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VOD Review: The High Note

May 29, 2020

By John Corrado

★★½ (out of 4)

Directed by Nisha Ganatra, fresh off of helming the superior Mindy Kaling and Emma Thompson vehicle Late Night which just came out last year, The Hight Note is a music-themed romantic comedy that follows a mostly predictable path but still features some enjoyable elements.

The film centres around Maggie (Dakota Johnson), the personal assistant to Grace Davis (Tracee Ellis Ross), a massive pop star who hasn’t put out new material in ages and continues to perform the same hit songs for her fans. Her manager (Ice Cube) is trying to get her to sign off on a Vegas residency for a steady source of income, leading to tensions between them.

Maggie is blessed with an encyclopedic knowledge of music and has dreams of becoming a producer, secretly doing her own mixes on Grace’s songs in her spare time, and hoping to be the one to help revitalize her career. While The High Note is mostly being sold on the name recognition of Ross, Grace is only half the story, and a good portion of the film actually focuses on the professional and personal relationship that forms between Maggie and David Cliff (Kelvin Harrison Jr.), a young musician whom she happens to meet in a grocery store.

Maggie senses that David isn’t living up to his full potential as a singer-songwriter, so passes herself off as a producer in order to work with him. While this storyline has been almost completely left out of the trailers and marketing materials, in some ways it is actually the more interesting and enjoyable part of the film. Harrison Jr., the charismatic young star who burst onto the scene last year with his breakout roles in Luce and Waves, is a hugely appealing presence in the film, and his character is missed when he’s not on screen.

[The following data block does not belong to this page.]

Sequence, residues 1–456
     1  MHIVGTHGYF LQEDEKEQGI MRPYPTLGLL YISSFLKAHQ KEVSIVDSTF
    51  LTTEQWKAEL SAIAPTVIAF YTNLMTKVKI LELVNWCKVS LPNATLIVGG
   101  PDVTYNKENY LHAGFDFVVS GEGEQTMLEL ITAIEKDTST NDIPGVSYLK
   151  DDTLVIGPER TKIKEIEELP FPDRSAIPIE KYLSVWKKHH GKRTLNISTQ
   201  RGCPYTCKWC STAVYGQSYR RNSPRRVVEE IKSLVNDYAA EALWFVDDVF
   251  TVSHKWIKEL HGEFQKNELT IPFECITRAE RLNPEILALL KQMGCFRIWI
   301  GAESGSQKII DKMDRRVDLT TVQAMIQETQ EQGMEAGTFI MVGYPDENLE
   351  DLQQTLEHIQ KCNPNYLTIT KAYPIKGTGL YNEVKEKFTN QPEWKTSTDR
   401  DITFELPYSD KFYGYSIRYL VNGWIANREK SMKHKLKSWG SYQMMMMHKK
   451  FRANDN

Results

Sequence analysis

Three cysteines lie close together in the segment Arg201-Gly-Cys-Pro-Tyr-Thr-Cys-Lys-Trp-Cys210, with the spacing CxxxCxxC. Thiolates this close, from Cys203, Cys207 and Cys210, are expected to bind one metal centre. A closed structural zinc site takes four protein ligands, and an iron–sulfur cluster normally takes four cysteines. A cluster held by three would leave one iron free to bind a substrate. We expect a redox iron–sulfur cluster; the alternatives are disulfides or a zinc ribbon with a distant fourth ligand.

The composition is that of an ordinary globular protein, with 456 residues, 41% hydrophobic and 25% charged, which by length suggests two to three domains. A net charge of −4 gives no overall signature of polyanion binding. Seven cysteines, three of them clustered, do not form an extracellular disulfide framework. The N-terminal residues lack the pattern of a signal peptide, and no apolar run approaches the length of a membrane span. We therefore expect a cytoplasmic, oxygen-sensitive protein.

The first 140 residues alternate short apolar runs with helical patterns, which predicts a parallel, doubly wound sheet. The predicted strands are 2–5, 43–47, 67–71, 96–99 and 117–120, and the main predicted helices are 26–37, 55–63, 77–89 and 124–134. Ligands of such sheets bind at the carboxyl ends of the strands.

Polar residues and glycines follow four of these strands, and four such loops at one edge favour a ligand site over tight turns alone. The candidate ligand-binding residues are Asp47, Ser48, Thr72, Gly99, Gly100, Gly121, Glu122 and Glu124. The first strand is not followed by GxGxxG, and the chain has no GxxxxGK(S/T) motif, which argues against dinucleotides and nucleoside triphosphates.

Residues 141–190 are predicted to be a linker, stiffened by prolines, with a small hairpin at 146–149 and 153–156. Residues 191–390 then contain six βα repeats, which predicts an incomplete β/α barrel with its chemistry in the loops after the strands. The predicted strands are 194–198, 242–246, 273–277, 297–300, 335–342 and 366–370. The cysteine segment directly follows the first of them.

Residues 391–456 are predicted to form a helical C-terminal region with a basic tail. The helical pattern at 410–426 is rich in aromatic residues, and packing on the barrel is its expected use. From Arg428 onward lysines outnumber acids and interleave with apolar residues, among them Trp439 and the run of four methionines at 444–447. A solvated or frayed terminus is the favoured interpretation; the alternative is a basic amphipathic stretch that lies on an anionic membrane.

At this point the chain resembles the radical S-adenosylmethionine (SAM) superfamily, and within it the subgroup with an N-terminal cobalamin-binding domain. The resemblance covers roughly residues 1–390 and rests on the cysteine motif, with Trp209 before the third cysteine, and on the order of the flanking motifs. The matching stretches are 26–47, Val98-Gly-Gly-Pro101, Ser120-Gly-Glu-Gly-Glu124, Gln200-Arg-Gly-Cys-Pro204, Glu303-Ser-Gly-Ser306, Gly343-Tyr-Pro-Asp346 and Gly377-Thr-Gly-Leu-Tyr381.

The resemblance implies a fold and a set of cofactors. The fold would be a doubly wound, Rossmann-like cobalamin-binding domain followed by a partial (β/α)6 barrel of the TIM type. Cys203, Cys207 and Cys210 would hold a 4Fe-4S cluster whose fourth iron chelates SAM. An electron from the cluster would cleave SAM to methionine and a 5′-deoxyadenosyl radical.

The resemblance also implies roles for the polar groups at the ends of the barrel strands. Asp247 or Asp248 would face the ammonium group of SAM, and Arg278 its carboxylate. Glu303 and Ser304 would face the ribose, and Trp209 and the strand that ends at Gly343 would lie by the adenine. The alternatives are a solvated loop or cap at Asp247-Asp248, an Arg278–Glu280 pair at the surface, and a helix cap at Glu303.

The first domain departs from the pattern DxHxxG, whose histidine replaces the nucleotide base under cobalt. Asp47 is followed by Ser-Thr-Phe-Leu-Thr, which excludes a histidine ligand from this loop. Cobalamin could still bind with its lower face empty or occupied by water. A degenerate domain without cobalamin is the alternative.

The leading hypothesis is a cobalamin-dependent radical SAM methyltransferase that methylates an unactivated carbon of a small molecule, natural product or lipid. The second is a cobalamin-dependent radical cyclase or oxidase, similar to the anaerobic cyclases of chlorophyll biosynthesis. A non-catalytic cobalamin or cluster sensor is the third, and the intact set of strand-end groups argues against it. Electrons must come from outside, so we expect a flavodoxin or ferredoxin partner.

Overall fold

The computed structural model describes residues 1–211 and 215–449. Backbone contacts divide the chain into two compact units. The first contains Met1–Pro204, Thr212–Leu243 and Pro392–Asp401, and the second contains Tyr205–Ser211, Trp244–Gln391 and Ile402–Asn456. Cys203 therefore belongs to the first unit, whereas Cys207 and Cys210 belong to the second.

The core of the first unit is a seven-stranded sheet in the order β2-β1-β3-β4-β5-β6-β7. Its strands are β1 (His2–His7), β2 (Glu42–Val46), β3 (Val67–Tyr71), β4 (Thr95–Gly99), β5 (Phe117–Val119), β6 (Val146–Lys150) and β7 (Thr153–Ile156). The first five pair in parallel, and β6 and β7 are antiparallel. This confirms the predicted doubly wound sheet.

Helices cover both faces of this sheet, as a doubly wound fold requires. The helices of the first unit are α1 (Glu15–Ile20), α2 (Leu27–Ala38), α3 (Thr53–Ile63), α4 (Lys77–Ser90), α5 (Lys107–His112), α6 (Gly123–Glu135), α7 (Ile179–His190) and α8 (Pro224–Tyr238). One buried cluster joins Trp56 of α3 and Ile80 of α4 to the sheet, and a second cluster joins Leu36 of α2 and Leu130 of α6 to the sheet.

While The High Note was intended for theatres and is only being released digitally in light of the global COVID-19 pandemic, VOD is actually a much more suitable home for a movie like this. It’s an imperfect and heavily clichéd film, including a contrived last act twist, and the screenplay by Firoa Greeson at times struggles to find the right tonal balance between broad comedy and more serious drama.

While a friendship does form between them, the working relationship between Grace and Maggie is also somewhat toxic and co-dependent, which gets resolved far too quickly, and the film had room to explore the power and class divides between them. There are also more intriguing themes about racism and sexism in the music industry that the film just sort of skirts around but never fully explores, aside from one moment of truth when Grace addresses the fact that “in the history of music, only five women over forty have ever had a number one hit, and only one of them was black.”

There is a better and shorter movie within the nearly two hour running time that never fully takes centre stage, but the film itself is not unenjoyable to watch. Johnson and Harrison Jr. have delightful chemistry in their scenes together, and in these moments The High Note works as a predictable but fairly charming romantic comedy. The soundtrack also features a handful of original songs that allow Tracee Ellis Ross, the daughter of Diana Ross, to show off her impressive vocal range.

The High Note is being released today on a variety of digital and VOD platforms.

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